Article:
Judge Sues Kentucky So He Can Be a ... Judge
FRANKFORT, Ky. (CN) - A retired judge sued Kentucky, challenging a law that bars him from running for political office until five years after he retires - he seeks judicial office on a different bench.
Steve Hurt sued the Kentucky State Board of Elections, its Executive Director Maryellen Allen and Secretary of State Alison Lundergan Grimes, in Franklin County Circuit Court.
Hurt served as a district judge from 1986 to 2009, when he retired from the state's 60th Judicial District. He completed his 600th day of service as a Senior Status Special Judge in December 2013, shortly before filing his petition for nomination for Circuit Judge in the state's 40th Judicial Circuit.
But Kentucky House Bill 427, passed in the spring of 2013, states that "a judge who elected to retire as a Senior Status Special Judge ... shall not become a candidate or a nominee for any elected office during the five (5) year term prescribed in KRS 21.580(1)(a)a, regardless of the number of days served by the judge acting as Senior Status Special Judge."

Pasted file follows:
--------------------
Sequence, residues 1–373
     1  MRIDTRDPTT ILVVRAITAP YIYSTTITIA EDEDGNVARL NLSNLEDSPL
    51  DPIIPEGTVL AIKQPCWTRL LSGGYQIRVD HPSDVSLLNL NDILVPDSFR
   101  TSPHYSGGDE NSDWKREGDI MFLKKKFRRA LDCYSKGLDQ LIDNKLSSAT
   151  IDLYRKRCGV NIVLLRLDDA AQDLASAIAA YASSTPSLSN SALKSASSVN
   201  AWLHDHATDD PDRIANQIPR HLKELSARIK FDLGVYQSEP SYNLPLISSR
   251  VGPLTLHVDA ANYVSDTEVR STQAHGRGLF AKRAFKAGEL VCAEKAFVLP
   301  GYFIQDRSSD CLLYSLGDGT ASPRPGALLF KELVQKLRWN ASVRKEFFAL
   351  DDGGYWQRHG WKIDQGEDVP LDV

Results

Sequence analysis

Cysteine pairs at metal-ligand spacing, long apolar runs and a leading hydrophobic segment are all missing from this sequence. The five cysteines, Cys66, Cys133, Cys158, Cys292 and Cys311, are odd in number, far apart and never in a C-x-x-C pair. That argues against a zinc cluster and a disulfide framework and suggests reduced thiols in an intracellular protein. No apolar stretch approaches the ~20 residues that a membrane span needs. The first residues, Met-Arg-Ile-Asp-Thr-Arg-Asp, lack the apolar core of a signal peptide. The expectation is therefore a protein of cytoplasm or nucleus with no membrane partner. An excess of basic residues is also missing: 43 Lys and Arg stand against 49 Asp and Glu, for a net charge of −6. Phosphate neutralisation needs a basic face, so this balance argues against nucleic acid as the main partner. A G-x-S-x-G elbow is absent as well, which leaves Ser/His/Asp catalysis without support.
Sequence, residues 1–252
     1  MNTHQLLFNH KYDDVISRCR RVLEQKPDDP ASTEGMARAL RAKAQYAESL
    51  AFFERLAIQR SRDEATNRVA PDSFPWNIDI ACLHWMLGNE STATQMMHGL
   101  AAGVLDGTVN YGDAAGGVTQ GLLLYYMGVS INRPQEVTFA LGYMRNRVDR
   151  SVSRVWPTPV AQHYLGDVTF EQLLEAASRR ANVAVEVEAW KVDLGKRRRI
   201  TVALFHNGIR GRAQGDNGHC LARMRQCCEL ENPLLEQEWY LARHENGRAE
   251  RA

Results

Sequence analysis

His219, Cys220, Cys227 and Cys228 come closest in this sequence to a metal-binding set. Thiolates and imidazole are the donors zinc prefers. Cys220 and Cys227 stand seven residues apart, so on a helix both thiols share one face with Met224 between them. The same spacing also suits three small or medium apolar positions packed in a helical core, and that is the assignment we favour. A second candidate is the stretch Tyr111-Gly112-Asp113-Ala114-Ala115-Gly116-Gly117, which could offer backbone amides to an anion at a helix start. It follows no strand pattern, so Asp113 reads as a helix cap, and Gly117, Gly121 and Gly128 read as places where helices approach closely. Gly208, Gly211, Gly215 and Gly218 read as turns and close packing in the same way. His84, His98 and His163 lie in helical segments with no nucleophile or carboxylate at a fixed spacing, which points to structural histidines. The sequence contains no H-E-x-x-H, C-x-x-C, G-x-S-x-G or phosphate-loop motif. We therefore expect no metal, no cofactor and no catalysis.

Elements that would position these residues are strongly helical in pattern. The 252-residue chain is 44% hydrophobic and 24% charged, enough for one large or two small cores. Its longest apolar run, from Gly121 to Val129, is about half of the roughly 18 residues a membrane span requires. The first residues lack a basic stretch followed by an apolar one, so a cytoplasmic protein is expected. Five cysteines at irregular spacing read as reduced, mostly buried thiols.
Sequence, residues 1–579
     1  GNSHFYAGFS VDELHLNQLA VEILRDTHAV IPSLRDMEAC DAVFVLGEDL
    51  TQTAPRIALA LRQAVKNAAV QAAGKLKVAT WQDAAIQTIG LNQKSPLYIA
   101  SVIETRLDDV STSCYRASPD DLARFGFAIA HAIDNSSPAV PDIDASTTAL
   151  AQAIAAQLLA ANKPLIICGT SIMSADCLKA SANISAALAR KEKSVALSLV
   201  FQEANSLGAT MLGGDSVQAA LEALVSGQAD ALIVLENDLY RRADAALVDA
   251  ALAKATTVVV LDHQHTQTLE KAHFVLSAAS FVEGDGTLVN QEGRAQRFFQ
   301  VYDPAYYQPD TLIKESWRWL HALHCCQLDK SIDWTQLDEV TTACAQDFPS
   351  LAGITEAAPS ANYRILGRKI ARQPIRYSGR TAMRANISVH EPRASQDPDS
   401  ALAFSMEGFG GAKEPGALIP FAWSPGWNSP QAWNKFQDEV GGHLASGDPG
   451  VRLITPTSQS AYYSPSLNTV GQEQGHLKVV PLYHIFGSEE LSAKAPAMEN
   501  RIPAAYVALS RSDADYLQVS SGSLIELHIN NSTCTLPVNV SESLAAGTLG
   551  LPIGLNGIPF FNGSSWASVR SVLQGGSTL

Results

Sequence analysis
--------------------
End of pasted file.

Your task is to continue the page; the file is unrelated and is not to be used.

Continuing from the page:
Hurt claims the law violates Kentucky's constitution, which requires that a candidate for an elected judicial position be a U.S. citizen, a licensed attorney who has practiced law in the state for at least 8 years and lives in the district where he or she runs for election.
Hurt claims he meets all the criteria mentioned in the state constitution, which says nothing about a waiting period.
He seeks an injunction preventing enforcement of HB 427, and allowing him to run on the 2014 ballot. He claims HB 427 violates the Kentucky Constitution and federal equal protection laws.
He is represented by James Deckard of Hurt, Crosbie and May in Lexington.